Sunday, October 23, 2016

Transplanting in general (7 pics)

I've been doing some transplanting. And there is more to be done because I really want to sow again very soon, all the seed rests that are probably not viable anymore, some of my own seeds (Avonia!), and some conophytum seeds I bought this year.

So this is how it goes. 

Step 1. Squeeze the container from all sides. This is why we use plastic and not clay ;)

Step 2. Pull out the plants. If they don't come out easily, stop pulling and squeeze the pot again.

Step 3. Now fill a pot with fresh dry pumice, up to the top.

Step 3.1. Examine your plants for bugs and remove all old soil from the roots. It's ok to pull off some roots as long as the main root is intact. Don't be squeamish. I usually rip off some of the main root as well if it's too long. If you are transplanting from dry soil into dry soil the plants won't mind (roots inactive).

Step 4. Use a stick to plant the seedlings into the container by dragging them down by the root (in case of adult plants you will need to wiggle the stick to let the pumice stones collapse around the plant and drag it down on their own). You can arrange them to your liking and put really a lot of plants all in one pot this way, saving precious space.

All done.

PS: I actually thought I could put a couple more trays on the windowsill but it looks like it's occupied now :D

Saturday, October 22, 2016

Flowering season of sorts (7 pics)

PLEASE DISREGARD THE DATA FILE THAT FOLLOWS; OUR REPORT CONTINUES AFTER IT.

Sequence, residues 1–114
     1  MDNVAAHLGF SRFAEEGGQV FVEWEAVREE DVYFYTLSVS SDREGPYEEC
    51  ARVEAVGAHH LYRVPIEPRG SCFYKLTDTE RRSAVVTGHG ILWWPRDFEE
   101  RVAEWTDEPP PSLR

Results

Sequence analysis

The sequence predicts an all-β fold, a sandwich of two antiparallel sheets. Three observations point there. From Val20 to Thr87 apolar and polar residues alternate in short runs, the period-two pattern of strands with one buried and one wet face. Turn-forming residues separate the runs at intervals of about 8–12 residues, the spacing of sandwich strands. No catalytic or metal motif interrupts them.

Winter is coming. It's dark when I go to work, it's dark when I come back home. Oh and the sun is rarely shining on weekends. That's a bit annoying after the rainy summer we've had here. Still, some lithops and conos have been flowering and there are currently 4 more lithops buds growing. That's not bad considering the conditions they had to endure this year. Strangely (or not?) the lithops that grew flowers this year are all the usual suspects, the plants they are flowering for me every year, L. bromfieldii 'Sulphurea', L. fulviceps 'Aurea' and L. dorotheae. If not for them I would not have any flowers at all. I'd recommend north-earopean growers to have those in their collection if they want to see flowers.

L. bromfieldii v. insularis 'Sulphurea' C362

L. fulviceps v. fulviceps 'Aurea' C363 

L. dorotheae C300
I kept last year's seed capsule to see if the plant will grow flowers out of the same head every year. This is what it's been doing for several years now. This year however the usual flowering head is resting while the other two are growing flowers.

Conophytums were more eager to flower. I could even catch flowers on the plants that have not flowered before.

Conophytum meyeri 'Leopardium' - that's one very yellow flower!